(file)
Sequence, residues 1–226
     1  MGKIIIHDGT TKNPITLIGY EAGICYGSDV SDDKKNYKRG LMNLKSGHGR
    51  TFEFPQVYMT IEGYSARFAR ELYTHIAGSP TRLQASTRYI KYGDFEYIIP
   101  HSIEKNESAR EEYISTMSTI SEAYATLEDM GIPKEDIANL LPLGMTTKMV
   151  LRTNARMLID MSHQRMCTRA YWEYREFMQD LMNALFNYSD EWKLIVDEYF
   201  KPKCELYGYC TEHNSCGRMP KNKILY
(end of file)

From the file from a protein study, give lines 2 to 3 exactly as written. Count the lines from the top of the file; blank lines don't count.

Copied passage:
     1  MGKIIIHDGT TKNPITLIGY EAGICYGSDV SDDKKNYKRG LMNLKSGHGR
    51  TFEFPQVYMT IEGYSARFAR ELYTHIAGSP TRLQASTRYI KYGDFEYIIP